Sundstrup, E., Jakobsen, M. D., Krustrup, P., & Aagaard, P. (2009). Effects of progressive heavy-resistance strength training on maximal eccentric and concentric muscle strength. ACSM 56th Annual Meeting, Seattle, Washington, Presentation Number 725.

red line

"The torque/velocity-relationship obtained for human muscle in vivo demonstrates greater torque production for eccentric than concentric contractions. Consequently, strength training using the repetition maximum load principle does not provide a uniform relative loading for all contraction phases, that is, relative loading (%1 RM) is greatest in the concentric contraction phase. Hence, greater relative strength gains may be expected to occur in the concentric contraction phase."

This study evaluated the effect of low-frequency progressive heavy-resistance strength training on maximal voluntary concentric and eccentric quadriceps contraction strength in untrained men (N = 8). Ss performed progressive heavy-resistance strength training two times per week for 11 weeks. Training loads ranged from 6-10 RM with the first four weeks ranging 12-16 RM. Training exercises were squat, hack squat, incline leg pres, isolated knee extension, hamstring curls and calf raises. Maximal voluntary concentric and eccentric quadriceps knee extension torque were obtained by isokinetic dynamometry during slow (30/s) and fast (240/s) knee joint movements.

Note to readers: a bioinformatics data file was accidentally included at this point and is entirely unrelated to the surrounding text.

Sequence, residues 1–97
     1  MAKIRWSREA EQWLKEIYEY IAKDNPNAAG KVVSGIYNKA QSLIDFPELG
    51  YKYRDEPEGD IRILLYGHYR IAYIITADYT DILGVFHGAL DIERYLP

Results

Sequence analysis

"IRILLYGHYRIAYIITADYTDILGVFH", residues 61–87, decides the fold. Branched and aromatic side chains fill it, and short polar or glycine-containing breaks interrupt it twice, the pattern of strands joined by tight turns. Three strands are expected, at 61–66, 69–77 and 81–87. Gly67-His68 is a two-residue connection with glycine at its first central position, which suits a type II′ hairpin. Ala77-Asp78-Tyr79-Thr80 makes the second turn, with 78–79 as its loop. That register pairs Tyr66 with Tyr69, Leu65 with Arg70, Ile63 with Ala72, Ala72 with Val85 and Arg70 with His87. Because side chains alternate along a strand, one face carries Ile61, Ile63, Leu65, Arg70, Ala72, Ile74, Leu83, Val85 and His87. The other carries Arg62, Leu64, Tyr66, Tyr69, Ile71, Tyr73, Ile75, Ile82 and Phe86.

Slow concentric quadriceps peak torque increased by 16.7% following progressive heavy-resistance strength training whereas fast concentric peak torque remained unaltered. Slow and fast eccentric quadriceps peak moment increased 29.3%.

Implication. Gains in maximal quadriceps torque production are greater for eccentric than concentric muscle actions despite that relative loading being greatest in concentric contractions. Low frequency progressive heavy-resistance strength training leads to substantial gains in eccentric strength at both slow and fast joint movement speeds, while concentric strength only increases at the specific velocity of training, suggesting that the adaptations in maximal muscle strength differ between eccentric and concentric contraction conditions. Concentric muscle training is specific.

[This study used untrained men so one must be wary of generalizing its results to trained men and women.]

Return to Table of Contents for this issue.

red line